Helen Keller (1880-1968) has one of the most extraordinary, amazing, and unique life stories in all of history. Despite being both blind and deaf, she learned to communicate with great effectiveness, and also wrote numerous books and articles.
Helen was born in 1880, and at the age of just 19 months, she became blind, deaf and mute due to an illness (probably scarlet fever). As a child, Helen displayed many signs of frustration as she struggled to communicate.
Many years later in her 1905 autobiography The Story of My Life, Helen wrote:
I do not remember when I first realized that I was different from other people; but I knew it before my teacher came to me. I had noticed that my mother and my friends did not use signs as I did when they wanted anything done, but talked with their mouths. Sometimes I stood between two persons who were conversing and touched their lips. I could not understand, and was vexed. I moved my lips and gesticulated frantically without result. This made me so angry at times that I kicked and screamed until I was exhausted.
Meanwhile the desire to express myself grew. The few signs I used became less and less adequate, and my failures to make myself understood were invariably followed by outbursts of passion. I felt as if invisible hands were holding me, and I made frantic efforts to free myself. I struggled—not that struggling helped matters, but the spirit of resistance was strong within me; I generally broke down in tears and physical exhaustion. If my mother happened to be near I crept into her arms, too miserable even to remember the cause of the tempest. After awhile the need of some means of communication became so urgent that these outbursts occurred daily, sometimes hourly.
At the age of six, Helen was examined by Alexander Graham Bell (the man who invented the telephone in 1876, and who also was an expert on teaching various skills to the deaf), and he sent her to a teacher at the Perkins Institution for the Blind in Boston named Anne Sullivan.
The relationship between Helen Keller and Anne Sullivan, as teacher-pupil and also as friends, continued all the way until Sullivan’s death in 1936.
Under Sullivan’s tutelage, Helen quickly made great progress. Within months, she could make associations between objects that she touched and words that were spelled out with finger signals on her palm.
Years later in her 1905 autobiography The Story of My Life, Helen wrote:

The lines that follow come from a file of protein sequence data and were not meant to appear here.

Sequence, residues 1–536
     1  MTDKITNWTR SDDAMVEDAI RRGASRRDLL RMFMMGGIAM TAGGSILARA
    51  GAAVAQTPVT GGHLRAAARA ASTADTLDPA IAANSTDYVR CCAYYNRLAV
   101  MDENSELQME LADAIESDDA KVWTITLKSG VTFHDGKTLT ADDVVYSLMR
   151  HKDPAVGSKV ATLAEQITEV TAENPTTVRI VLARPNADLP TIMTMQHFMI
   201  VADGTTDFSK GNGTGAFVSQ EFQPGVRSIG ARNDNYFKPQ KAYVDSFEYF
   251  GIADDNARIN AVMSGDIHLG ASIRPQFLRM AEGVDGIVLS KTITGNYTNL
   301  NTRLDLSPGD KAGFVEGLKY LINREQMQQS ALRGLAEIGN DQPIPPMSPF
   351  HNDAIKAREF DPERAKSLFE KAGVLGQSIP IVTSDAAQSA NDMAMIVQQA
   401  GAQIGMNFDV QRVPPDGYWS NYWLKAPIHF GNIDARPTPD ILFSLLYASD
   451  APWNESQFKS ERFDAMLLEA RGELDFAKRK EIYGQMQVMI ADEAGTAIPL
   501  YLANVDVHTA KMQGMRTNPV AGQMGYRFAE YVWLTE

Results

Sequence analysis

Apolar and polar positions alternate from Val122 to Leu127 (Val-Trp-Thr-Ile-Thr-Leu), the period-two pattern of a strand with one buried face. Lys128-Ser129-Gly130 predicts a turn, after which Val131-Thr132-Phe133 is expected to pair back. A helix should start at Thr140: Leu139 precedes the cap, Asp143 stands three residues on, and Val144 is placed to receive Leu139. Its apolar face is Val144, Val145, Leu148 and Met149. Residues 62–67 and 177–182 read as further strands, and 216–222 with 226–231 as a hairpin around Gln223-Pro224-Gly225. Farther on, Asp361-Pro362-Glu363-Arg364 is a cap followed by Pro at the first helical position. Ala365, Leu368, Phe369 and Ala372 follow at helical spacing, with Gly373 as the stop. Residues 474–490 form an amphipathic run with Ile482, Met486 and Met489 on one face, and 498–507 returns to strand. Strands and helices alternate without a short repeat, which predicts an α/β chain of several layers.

The most important day I remember in all my life is the one on which my teacher, Anne Mansfield Sullivan, came to me. I am filled with wonder when I consider the immeasurable contrasts between the two lives which it connects. It was the third of March, 1887, three months before I was seven years old.
On the afternoon of that eventful day… I guessed vaguely from my mother’s signs and from the hurrying to and fro in the house that something unusual was about to happen, so I went to the door and waited on the steps…
I felt approaching footsteps. I stretched out my hand as I supposed to my mother. Some one took it, and I was caught up and held close in the arms of her who had come to reveal all things to me, and, more than all things else, to love me.
The morning after my teacher came she led me into her room and gave me a doll… When I had played with it a little while, Miss Sullivan slowly spelled into my hand the word “d-o-l-l.” I was at once interested in this finger play and tried to imitate it. When I finally succeeded in making the letters correctly I was flushed with childish pleasure and pride. Running downstairs to my mother I held up my hand and made the letters for doll. I did not know that I was spelling a word or even that words existed; I was simply making my fingers go in monkey-like imitation. In the days that followed I learned to spell in this uncomprehending way a great many words, among them pin, hat, cup and a few verbs like sit, stand and walk. But my teacher had been with me several weeks before I understood that everything has a name.
One day, while I was playing with my new doll, Miss Sullivan put my big rag doll into my lap also, spelled “d-o-l-l” and tried to make me understand that “d-o-l-l” applied to both. Earlier in the day we had had a tussle over the words “m-u-g” and “w-a-t-e-r.” Miss Sullivan had tried to impress it upon me that “m-u-g” is mug and that “w-a-t-e-r” is water, but I persisted in confounding the two. In despair she had dropped the subject for the time, only to renew it at the first opportunity. I became impatient at her repeated attempts and, seizing the new doll, I dashed it upon the floor. I was keenly delighted when I felt the fragments of the broken doll at my feet. Neither sorrow nor regret followed my passionate outburst. I had not loved the doll. In the still, dark world in which I lived there was no strong sentiment or tenderness. I felt my teacher sweep the fragments to one side of the hearth, and I had a sense of satisfaction that the cause of my discomfort was removed. She brought me my hat, and I knew I was going out into the warm sunshine. This thought, if a wordless sensation may be called a thought, made me hop and skip with pleasure.